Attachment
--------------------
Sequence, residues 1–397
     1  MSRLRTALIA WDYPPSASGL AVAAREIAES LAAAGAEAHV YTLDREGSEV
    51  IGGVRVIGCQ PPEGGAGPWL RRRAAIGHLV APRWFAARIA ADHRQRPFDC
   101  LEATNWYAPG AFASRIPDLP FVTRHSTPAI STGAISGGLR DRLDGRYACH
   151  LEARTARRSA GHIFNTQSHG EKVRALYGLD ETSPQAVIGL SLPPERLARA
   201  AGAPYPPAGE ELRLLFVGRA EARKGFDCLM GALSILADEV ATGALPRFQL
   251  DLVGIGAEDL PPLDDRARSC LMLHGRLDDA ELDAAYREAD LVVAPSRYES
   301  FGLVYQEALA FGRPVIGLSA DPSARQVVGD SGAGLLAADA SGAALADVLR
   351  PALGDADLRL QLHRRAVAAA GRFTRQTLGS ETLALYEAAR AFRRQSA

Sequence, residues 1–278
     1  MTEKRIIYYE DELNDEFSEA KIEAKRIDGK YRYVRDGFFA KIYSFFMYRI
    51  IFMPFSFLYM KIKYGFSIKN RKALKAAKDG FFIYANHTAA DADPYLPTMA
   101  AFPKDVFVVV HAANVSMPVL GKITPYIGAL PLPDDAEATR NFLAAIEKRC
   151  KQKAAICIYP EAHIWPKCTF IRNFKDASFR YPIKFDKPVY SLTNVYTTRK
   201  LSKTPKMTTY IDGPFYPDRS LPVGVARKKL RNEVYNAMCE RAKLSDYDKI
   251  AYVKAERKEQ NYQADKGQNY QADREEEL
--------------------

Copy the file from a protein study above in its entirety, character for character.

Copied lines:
Sequence, residues 1–397
     1  MSRLRTALIA WDYPPSASGL AVAAREIAES LAAAGAEAHV YTLDREGSEV
    51  IGGVRVIGCQ PPEGGAGPWL RRRAAIGHLV APRWFAARIA ADHRQRPFDC
   101  LEATNWYAPG AFASRIPDLP FVTRHSTPAI STGAISGGLR DRLDGRYACH
   151  LEARTARRSA GHIFNTQSHG EKVRALYGLD ETSPQAVIGL SLPPERLARA
   201  AGAPYPPAGE ELRLLFVGRA EARKGFDCLM GALSILADEV ATGALPRFQL
   251  DLVGIGAEDL PPLDDRARSC LMLHGRLDDA ELDAAYREAD LVVAPSRYES
   301  FGLVYQEALA FGRPVIGLSA DPSARQVVGD SGAGLLAADA SGAALADVLR
   351  PALGDADLRL QLHRRAVAAA GRFTRQTLGS ETLALYEAAR AFRRQSA

Sequence, residues 1–278
     1  MTEKRIIYYE DELNDEFSEA KIEAKRIDGK YRYVRDGFFA KIYSFFMYRI
    51  IFMPFSFLYM KIKYGFSIKN RKALKAAKDG FFIYANHTAA DADPYLPTMA
   101  AFPKDVFVVV HAANVSMPVL GKITPYIGAL PLPDDAEATR NFLAAIEKRC
   151  KQKAAICIYP EAHIWPKCTF IRNFKDASFR YPIKFDKPVY SLTNVYTTRK
   201  LSKTPKMTTY IDGPFYPDRS LPVGVARKKL RNEVYNAMCE RAKLSDYDKI
   251  AYVKAERKEQ NYQADKGQNY QADREEEL